Press Releases

Internet service providers and electric membership cooperatives can now apply for $32 million in pandemic relief grant funding to help bring high-speed internet access to rural North Carolina.
Nearly $40 million is going to NC Student Connect, a partnership tackling internet connectivity gaps that disrupt remote learning for N.C. students.
Five new projects will expand high-speed internet access for residents in three rural counties, thanks to more than $4 million in supplemental GREAT grant funding through the COVID-19 Recovery Act.
People living and working in 11 rural counties will get expanded high-speed internet service thanks to more than $12 million in grants awarded by Gov. Roy Cooper’s administration.
Thomas Parrish IV will fill the role held by Tracy Doaks, who announced in July to lead a nonprofit dedicated to broadband expansion in rural areas.
The study identified the broadband, health care and telehealth assets and gaps in the 20 coal-impacted counties in the Appalachian region in order to design pilot programs that leverage technology to provide appropriate clinical interventions, improve the local population’s health, increase local workforce participation and ultimately improve local economies.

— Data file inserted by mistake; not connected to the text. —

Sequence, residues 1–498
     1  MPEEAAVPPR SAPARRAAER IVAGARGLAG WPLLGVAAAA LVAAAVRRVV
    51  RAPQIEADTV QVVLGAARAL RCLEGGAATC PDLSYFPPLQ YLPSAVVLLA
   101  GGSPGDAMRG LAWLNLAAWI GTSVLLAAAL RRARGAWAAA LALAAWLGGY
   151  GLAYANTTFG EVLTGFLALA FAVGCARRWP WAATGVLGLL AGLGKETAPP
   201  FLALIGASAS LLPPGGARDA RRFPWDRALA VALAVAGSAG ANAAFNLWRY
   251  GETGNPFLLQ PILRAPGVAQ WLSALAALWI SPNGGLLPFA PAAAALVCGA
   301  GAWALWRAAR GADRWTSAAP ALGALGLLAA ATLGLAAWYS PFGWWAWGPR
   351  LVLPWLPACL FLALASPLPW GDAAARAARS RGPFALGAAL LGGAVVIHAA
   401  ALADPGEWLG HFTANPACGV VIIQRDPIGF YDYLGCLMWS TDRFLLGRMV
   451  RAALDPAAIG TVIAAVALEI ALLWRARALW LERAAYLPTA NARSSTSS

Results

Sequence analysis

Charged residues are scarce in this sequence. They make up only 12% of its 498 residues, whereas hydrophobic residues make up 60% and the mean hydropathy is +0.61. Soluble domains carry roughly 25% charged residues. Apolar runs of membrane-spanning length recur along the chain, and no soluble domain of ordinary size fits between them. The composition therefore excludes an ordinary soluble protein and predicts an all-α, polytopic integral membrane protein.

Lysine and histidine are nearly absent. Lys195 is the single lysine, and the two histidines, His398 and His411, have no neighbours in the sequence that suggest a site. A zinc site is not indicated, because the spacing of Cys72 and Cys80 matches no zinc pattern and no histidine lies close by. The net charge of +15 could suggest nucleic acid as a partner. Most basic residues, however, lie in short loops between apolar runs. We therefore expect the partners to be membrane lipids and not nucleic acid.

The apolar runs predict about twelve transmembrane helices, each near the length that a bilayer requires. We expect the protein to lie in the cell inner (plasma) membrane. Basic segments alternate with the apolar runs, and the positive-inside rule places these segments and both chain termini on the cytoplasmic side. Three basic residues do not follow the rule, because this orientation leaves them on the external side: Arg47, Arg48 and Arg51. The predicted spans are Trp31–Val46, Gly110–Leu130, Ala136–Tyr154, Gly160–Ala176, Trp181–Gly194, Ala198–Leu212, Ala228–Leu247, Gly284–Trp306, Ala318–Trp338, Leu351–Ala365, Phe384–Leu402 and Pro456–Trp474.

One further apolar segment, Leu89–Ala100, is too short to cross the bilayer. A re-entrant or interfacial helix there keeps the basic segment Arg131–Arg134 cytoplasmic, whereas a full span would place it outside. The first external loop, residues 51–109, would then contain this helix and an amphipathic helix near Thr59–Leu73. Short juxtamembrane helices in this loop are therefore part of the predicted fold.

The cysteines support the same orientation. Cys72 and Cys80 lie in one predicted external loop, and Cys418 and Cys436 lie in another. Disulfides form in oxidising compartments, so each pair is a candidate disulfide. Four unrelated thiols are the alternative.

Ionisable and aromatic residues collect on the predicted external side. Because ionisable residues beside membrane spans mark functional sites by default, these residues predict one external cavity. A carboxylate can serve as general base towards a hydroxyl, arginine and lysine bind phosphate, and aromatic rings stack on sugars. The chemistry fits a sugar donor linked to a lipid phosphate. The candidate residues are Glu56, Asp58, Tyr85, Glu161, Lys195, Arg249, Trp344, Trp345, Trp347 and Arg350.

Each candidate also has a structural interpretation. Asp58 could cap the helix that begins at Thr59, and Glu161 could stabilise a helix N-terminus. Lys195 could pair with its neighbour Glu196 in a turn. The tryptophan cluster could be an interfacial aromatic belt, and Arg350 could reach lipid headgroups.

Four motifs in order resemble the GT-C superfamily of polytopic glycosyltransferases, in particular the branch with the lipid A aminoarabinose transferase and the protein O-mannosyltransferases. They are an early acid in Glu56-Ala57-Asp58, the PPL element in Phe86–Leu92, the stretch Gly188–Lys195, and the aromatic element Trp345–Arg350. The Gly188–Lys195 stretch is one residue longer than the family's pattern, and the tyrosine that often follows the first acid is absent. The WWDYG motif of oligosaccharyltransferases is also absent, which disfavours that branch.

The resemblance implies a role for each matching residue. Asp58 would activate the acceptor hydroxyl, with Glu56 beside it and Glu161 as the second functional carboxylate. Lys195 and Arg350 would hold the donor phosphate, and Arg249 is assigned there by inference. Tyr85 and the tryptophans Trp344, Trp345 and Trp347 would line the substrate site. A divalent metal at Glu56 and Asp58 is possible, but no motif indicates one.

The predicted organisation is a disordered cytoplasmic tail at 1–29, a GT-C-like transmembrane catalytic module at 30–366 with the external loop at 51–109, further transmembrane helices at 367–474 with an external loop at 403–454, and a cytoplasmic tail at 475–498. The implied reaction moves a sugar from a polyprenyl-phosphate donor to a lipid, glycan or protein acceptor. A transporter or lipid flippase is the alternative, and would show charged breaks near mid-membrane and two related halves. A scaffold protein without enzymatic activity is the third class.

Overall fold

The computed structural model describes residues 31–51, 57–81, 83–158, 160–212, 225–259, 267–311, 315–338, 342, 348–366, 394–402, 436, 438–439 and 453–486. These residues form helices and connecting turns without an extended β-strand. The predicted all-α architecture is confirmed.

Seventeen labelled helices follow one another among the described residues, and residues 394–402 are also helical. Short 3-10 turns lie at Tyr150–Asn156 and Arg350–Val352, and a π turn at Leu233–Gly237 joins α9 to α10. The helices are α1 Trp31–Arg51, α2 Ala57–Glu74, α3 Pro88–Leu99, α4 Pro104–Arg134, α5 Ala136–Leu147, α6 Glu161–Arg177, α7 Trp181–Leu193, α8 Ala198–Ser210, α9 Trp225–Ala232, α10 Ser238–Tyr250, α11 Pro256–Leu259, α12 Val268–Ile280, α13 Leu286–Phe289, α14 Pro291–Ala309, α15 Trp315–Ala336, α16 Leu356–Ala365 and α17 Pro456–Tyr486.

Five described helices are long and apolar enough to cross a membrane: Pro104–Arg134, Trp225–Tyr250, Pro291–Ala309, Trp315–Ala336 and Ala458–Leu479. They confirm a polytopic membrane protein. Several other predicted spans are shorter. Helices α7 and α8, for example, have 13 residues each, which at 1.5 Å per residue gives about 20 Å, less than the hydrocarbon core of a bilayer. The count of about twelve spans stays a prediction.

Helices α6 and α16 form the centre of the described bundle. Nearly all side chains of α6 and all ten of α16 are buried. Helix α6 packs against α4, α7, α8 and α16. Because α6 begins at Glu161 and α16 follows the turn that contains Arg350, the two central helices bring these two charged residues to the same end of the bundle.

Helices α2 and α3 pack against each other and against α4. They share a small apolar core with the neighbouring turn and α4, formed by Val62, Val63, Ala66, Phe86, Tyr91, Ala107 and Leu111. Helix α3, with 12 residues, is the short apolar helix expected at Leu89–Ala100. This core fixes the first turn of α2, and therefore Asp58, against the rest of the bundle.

The North Carolina Broadband Survey will help the N.C. Department of Information Technology gain a better understanding of internet speeds and the need for high-speed internet in the state.
<p>As many as 280 school buses will carry Wi-Fi hotspots donated by &nbsp;AT&amp;T, Google and Duke Energy Foundation to support remote learning during COVID-19.</p>
<p>The&nbsp;North Carolina&nbsp;911&nbsp;Board invites residents to join them in recognizing the vital role of public safety telecommunications personnel across the state and country as part of National Public Safety Telecommunications Week.</p>
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